Living With COPD (Chronic Obstructive Pulmonary Disease)

Living With COPD (Chronic Obstructive Pulmonary Disease)

A diagnosis of any chronic condition is a life-changing event. People suffering from long-term conditions often have significant limitations on their daily activities and have to attend hospital and clinic appointments frequently. 

COPD is a condition that affects huge amounts of people around the world. Over 15.7 million Americans have been diagnosed with COPD, and it was the third leading cause of death in the United States in 2014. 

So what is it like living with COPD? Find out what you can expect if you or a loved one have recently received a diagnosis of this common condition. 

What Is COPD?

Chronic obstructive pulmonary disease, or COPD, is a blanket term for a group of conditions that cause breathing problems and airflow blockage. The most common of these are emphysema and chronic bronchitis. It’s a progressive lung disease and there is no cure at present. 

What Causes COPD?

Tobacco smoke is a major factor in the development of COPD. Exposure to air pollution including chemical irritants is also a leading risk factor. COPD often takes a long time to develop.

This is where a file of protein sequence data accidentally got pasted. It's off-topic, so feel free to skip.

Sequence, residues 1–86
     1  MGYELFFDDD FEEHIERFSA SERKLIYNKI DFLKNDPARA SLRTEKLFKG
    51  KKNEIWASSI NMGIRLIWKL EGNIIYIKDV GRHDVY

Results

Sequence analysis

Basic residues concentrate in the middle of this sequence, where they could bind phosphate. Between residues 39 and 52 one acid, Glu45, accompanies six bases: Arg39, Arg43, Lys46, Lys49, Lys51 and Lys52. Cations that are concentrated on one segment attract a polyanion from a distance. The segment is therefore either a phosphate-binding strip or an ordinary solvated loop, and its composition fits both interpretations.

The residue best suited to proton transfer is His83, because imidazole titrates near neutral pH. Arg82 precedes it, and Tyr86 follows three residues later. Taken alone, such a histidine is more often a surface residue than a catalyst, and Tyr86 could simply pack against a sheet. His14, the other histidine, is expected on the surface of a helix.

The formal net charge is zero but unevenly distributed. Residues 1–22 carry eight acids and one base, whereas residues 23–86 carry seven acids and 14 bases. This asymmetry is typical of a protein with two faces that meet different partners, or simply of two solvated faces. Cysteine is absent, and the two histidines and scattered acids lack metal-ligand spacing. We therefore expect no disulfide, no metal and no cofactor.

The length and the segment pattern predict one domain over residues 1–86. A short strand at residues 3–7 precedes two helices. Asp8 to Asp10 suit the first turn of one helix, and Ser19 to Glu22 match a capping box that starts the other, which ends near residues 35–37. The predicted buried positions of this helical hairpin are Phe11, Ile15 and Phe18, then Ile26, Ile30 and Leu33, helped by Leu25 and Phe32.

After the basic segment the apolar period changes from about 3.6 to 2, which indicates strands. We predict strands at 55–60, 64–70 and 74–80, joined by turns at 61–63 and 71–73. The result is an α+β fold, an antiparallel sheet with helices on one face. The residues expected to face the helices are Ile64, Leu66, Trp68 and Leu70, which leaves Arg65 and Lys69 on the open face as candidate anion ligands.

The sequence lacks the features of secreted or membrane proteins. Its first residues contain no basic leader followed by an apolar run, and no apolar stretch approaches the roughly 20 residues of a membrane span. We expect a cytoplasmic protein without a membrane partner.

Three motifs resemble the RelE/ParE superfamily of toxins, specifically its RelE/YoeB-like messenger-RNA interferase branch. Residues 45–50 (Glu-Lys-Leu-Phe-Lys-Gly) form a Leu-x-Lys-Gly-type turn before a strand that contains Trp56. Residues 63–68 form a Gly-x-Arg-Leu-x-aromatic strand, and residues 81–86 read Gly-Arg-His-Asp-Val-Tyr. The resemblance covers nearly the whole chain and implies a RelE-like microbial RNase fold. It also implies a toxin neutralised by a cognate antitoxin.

It’s thought that there might be a genetic element in the development of the disease. Research is ongoing in this area. 

While a diagnosis of COPD can seem overwhelming, there are many treatments available to improve symptoms, reduce complications, and improve quality of life. Read on to find out about these treatments and how to live a full life following a COPD diagnosis. 

Living With COPD

The main symptom of COPD is breathing difficulties. This can be accompanied by intermittent coughing. While the symptoms may start out mildly, more significant shortness of breath will develop in all cases.